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Rodgers v. Gusman

United States District Court, E.D. Louisiana

June 17, 2019

LATASHA RODGERS
v.
MARLIN GUSMAN, et al.

         SECTION: “G” (3)

          ORDER AND REASONS

          NANNETTE JOLIVETTE BROWN CHIEF JUDGE

         In this litigation, Plaintiff Latasha Rodgers, Tutrix (“Plaintiff”), on behalf of her minor child CJTJ, alleges that Defendants Orleans Parish Prison, Orleans Parish Sheriff Marlin Gusman (“Gusman”), the City of New Orleans (the “City”), Mayor Mitch Landrieu, the New Orleans City Council, Correct Care Solutions, LLC and certain unidentified parties acting under the authority of the Orleans Parish Prison, subjected CJTJ's father (“Decedent”), a pretrial detainee at the Orleans Parish Prison, to excessive force, assaulted and battered Decedent, and acted with deliberate indifference to his medical needs, resulting in Decedent's death, in violation of his and Plaintiff's constitutional rights under the Fourth, Eighth, and Fourteenth Amendments, and Louisiana law.[1] Pending before the Court is Gusman's second “Motion for Judgment on the Pleadings Pursuant to Rule 12(c).”[2] Having considered the motion, the memoranda in support and opposition, the record, and the applicable law, the Court will deny the motion and grant Plaintiff seven days to amend the complaint.

         I. Background

         A. Factual Background

         In the second amended complaint, Plaintiff avers that on September 24, 2015, Decedent was a pretrial detainee at the Orleans Parish Prison (“OPP”).[3] Plaintiff additionally avers that Decedent had been diagnosed with Sickle Cell Disease and Hepatitis C, which was “verified by OPP medical intake form.”[4] Plaintiff alleges that since October 2015, Decedent had experienced leg pain and medical complications in the chest and abdomen.[5] According to Plaintiff, however, OPP failed to provide Decedent with his medication or take him to the hospital.[6] In addition, Plaintiff alleges that on October 3, 2015, Decedent was attacked and stabbed in the arm by an inmate, and on another unidentified occasion, Decedent was choked by a security guard.[7] Plaintiff avers that Decedent was not taken to the hospital on either occasion.[8]

         According to Plaintiff, Decedent experienced a severe sickle cell pain crisis in his abdomen and lower extremity, chest, back, and left leg on November 11, 2015, but was not taken to the hospital until the next day on November 12, 2015.[9] While Decedent was at University Medical Center, Plaintiff avers, his condition worsened-he became diaphoretic and unresponsive, had problems breathing, and on November 15, 2015, he died.[10] Plaintiff alleges that Defendants' conduct demonstrates a “wanton disregard” for Decedent's “serious medical needs.”[11]

         B. Procedural Background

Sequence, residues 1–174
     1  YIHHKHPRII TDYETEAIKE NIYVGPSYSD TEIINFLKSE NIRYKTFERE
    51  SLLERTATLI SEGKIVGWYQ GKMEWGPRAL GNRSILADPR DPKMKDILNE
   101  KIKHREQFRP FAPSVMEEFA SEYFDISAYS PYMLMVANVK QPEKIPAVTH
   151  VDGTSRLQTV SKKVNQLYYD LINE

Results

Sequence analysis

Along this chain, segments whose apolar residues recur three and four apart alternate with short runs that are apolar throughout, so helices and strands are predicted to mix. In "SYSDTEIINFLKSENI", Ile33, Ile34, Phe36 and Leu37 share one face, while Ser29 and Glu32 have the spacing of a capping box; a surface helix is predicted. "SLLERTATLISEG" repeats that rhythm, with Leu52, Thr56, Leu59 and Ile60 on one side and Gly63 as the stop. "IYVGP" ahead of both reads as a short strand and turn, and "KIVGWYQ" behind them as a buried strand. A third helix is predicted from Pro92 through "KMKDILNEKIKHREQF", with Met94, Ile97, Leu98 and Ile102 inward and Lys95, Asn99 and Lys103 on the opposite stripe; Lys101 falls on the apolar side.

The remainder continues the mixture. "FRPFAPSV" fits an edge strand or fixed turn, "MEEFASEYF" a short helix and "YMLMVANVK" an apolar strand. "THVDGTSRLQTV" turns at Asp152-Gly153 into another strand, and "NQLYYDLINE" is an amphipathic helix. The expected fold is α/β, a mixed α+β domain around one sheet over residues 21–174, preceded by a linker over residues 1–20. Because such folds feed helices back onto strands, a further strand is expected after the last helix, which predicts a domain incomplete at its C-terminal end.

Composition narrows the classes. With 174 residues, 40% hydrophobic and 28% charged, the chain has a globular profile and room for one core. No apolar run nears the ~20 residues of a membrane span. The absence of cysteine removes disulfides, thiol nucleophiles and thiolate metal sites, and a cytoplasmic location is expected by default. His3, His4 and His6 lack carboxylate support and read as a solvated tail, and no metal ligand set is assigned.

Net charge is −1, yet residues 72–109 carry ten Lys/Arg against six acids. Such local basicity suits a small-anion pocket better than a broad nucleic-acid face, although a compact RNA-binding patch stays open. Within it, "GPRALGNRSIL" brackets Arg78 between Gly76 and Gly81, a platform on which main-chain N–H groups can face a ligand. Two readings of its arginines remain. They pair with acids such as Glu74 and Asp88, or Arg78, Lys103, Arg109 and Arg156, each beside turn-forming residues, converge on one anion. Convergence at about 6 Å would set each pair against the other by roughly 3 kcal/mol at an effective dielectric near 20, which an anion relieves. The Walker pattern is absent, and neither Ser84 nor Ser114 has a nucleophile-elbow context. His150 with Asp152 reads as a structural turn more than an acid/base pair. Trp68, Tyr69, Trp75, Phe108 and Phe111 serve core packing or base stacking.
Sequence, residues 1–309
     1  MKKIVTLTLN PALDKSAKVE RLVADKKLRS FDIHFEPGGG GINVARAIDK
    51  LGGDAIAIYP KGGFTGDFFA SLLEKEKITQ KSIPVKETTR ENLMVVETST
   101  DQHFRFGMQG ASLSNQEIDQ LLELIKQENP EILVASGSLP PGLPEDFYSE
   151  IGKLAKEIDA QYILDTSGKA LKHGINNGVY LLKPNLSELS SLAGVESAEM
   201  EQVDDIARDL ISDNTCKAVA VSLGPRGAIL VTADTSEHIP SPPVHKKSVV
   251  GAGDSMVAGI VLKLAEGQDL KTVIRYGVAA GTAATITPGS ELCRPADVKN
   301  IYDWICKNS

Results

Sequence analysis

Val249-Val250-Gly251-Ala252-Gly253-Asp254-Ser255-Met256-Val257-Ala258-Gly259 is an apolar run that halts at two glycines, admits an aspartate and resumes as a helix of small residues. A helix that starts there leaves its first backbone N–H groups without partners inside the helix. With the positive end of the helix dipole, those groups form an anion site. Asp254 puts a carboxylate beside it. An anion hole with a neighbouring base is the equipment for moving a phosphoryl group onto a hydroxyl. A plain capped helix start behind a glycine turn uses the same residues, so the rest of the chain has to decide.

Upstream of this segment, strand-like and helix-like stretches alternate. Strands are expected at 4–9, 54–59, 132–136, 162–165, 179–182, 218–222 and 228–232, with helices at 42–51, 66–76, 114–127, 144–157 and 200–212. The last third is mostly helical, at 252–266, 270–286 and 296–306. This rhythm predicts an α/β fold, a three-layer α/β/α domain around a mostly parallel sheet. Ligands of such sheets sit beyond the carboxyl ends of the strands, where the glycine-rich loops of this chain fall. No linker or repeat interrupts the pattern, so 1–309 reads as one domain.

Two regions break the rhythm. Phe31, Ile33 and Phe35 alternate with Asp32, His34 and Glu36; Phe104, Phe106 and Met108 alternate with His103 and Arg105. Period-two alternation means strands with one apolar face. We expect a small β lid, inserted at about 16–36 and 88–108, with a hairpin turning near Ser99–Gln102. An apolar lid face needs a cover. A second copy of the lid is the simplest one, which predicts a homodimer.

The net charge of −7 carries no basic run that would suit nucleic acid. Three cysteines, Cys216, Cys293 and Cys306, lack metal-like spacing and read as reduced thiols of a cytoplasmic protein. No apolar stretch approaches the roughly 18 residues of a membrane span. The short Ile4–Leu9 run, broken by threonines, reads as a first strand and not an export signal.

Plaintiff filed a complaint on November 10, 2016.[12] On December 12, 2016, Defendant Marlin Gusman filed an answer to the complaint.[13] On February 6, 2017, the Court granted Defendant Orleans Parish Sheriff Office's motion to dismiss[14] all claims against it, filed on December 12, 2016.[15] On March 27, 2017, Defendants Mayor Mitch Landrieu and the New Orleans City Council filed a motion to dismiss.[16] On October 16, 2017, the Court denied the motion to dismiss without prejudice and granted Plaintiff leave to amend the complaint to address the deficiencies noted therein.[17]

         On November 17, 2017, Plaintiff filed an amended complaint.[18] On December 5, 2017, Gusman filed a “Motion for Judgment on the Pleadings Pursuant to Rule 12(c).”[19] In the first motion to dismiss, Gusman argued that Plaintiff's assault and battery claims brought pursuant to Section 1983 and Louisiana law should be dismissed because they had prescribed.[20] Plaintiff opposed the motion, acknowledging that Louisiana tort claims and the Section 1983 claims have a one-year prescriptive period and that she filed suit more than one year after the October 3, 2015 incident.[21] However, Plaintiff argued that the October 3, 2015 incident, and the other unDated:tack by a deputy, constitute a continuing tort for prescription purposes.[22]

         On July 18, 2018, the Court denied the motion without prejudice and granted Plaintiff leave to amend the complaint to address the deficiencies noted therein.[23] The Court found that Plaintiff had pleaded no facts to show how the alleged attack by the inmate or the use of force by the security officer were of a continuous, cumulative, synergistic nature such that they ultimately culminated in Decedent's death.[24] However, because new evidence had recently been discovered that could shed light on the cause of Decedent's death and the applicability of the continuing tort doctrine, the Court found that it was not clear that Plaintiff could prove no set of facts in support of this claim.[25] Therefore, the Court granted Plaintiff leave to amend the complaint.[26]